Book cover of “Lament of the Slave“ by Nirrvash_LoS

Lament of the Slave

  • Genre: Fantasy
  • Status: Completed
  • Language: English
  • Author: Nirrvash_LoS
  • Uploaded by user241636
The world is not always as beautiful and forgiving as one would imagine. Korra Grey, a young florist, discovers this harsh truth when she is abducted by a creature from children's books and transported to another world. She quickly learns that life can be even crueler than she ever imagined. After enduring over a year of pain and suffering in the m... 


[Edit 4.2.2023: I edited and polished the chapter to the current vision of the story - if you don't find a note about it here for other chapters, expect a drop in quality. Thanks for your understanding :)]

To me, other worlds were mythical places that existed only in books and in the minds of theoretical physicists. And of course, as a little girl, I dreamed of visiting such worlds. Who didn't, right? I longed for my own adventure in such a world, for you to be the heroine of my own story - one who would stand up to every wrongdoing in the land and eradicate it. Nothing and no one would be able to stand in my way, and all the villains would tremble at the sight of me.

Well, we won't always get what we wished for, and now that I was all grown up, it wasn't just the villains who trembled at the sight of me.

The other worlds. There were many ways to get to them, some pleasant, some not, some I would prefer, some I would rather not even think about.

I dreamed of a king or his daughter summoning me to save their kingdom from the demon king; of my ability I would use it to cut my way through demon armies to his castle. I thought of all sorts of mysterious ways I could get to another world, wild magic gone awry, mere chance, or maybe a once-in-a-millennium cosmic convergence that would open portals to other worlds. That would be nice, too, but that childhood dream didn't come true either.

Frankly, I'd be okay with reincarnation, too. While living as a child would be challenging, I would manage; after all, I would have parents, friends, and a mostly normal life here. Reincarnation had one catch, though, and that was the need to die first. I never did. Twenty-eight was too young to die of old age, and I was too healthy to be struck down by a stroke. Not even an accident met my fate. No loose brick fell on my head, no truck with broken brakes smashed me to pieces.

I actually wished that had happened.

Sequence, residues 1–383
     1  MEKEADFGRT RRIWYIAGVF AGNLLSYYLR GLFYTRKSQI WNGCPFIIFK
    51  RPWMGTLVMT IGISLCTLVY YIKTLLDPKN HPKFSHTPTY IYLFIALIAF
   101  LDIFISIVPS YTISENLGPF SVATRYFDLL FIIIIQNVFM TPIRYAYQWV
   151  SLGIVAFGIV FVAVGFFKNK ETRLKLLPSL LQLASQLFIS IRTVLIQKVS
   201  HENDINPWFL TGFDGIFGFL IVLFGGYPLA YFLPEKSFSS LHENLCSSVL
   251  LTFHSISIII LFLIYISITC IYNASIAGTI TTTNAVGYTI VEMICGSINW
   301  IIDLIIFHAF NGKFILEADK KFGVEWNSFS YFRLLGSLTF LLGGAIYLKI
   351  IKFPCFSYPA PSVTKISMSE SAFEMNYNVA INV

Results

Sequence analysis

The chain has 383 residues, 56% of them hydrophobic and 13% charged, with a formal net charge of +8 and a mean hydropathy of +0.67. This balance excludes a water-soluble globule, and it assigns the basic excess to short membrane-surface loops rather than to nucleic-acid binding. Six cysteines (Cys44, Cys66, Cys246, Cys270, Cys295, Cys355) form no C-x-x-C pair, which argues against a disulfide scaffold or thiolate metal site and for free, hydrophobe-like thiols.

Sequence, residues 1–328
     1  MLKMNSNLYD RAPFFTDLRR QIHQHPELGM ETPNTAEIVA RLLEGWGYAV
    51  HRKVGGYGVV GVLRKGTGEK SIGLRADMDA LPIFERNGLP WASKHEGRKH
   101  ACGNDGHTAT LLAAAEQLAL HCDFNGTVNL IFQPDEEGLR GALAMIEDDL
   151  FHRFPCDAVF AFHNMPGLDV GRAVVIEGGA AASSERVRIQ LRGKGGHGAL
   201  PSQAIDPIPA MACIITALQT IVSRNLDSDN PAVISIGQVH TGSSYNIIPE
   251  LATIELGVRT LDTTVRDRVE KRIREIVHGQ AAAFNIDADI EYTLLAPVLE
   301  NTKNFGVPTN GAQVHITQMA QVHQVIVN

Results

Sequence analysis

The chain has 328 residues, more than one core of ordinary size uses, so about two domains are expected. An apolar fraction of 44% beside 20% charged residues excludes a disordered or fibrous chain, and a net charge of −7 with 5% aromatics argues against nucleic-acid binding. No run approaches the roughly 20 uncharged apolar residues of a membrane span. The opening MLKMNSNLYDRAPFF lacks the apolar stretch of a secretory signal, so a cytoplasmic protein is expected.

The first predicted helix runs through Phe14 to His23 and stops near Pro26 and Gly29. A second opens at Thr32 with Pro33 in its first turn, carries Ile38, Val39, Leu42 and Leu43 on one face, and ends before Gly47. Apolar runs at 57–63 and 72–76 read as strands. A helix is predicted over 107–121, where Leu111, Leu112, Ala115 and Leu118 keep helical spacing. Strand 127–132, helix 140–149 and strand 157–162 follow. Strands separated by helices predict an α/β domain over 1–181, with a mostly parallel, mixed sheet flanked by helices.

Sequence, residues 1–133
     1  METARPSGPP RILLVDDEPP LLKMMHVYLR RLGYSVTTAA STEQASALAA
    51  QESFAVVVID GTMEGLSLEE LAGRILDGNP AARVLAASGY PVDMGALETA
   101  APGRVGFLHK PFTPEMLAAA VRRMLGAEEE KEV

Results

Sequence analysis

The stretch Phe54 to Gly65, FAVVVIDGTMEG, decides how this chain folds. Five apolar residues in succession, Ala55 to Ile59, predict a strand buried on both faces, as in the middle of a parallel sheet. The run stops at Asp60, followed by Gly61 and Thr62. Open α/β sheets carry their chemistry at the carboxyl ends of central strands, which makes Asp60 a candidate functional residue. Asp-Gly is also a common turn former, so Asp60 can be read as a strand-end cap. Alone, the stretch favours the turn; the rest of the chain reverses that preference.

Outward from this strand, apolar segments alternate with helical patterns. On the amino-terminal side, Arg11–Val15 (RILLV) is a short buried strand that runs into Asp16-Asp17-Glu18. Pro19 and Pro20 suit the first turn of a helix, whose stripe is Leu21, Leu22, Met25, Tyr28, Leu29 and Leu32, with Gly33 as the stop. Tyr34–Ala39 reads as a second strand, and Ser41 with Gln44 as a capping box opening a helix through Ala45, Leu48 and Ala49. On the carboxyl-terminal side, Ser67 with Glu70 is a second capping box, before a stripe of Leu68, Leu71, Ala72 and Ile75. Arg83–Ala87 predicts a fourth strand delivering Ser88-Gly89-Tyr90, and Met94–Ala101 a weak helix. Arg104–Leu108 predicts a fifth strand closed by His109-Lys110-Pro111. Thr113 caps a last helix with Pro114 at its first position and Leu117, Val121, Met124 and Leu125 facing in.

But no, I encountered something else, something far worse and more sinister.

Tired after an extremely long day at work - the sixteen-hour shift wasn't standard, but everyone in the flower shop was needed on Valentine's Day - I was returning home. Seeing myself in bed as a normal person would, I made a half-asleep stop at the supermarket to buy some food before continuing with my plan to get home as quickly as possible. I never made it there.

Taking a shortcut through that back alley - not the typical urine-smelling, garbage-strewn one, but a clean and widely used shortcut during the day, unfortunately unlit at night - was the biggest mistake of my life.

I was fearless when I should have given in to my fear. I should have avoided it, not thinking I could handle anyone who dared to jump me. Big mistake. Sure, I took a few self-defense classes, but how to neutralize a twenty-centimeter-tall creature with wings hovering in front of you was not something they taught. And yes, that was what I encountered.

When I saw the creature, I was confused, thinking that my own brain was playing tricks on me out of exhaustion. Yet no matter what I did, massaging my temples, rubbing my eyes, the creature would not go away. The realization hit me, and with it, a thousand questions. What was the appropriate action to take in a situation like this? Stay still, run away, scream, or shake its hand? I never got a chance to find out.

The small flying creature reached out, not to shake my hand, which was in my purse in search of pepper spray, but to attack me. Before I knew it, I was engulfed in a blinding white light, ripped from my world, my friends, and my family.

The next thing I remembered, after I came to, was standing in a dark cellar behind bars, through which a man with a broad grin looked at me, sizing me up, assessing me. It wasn't the pleasant smile of someone with good intentions, someone who wanted to help me. Little did I know at the time that it was someone who was excited about his new experimental subject.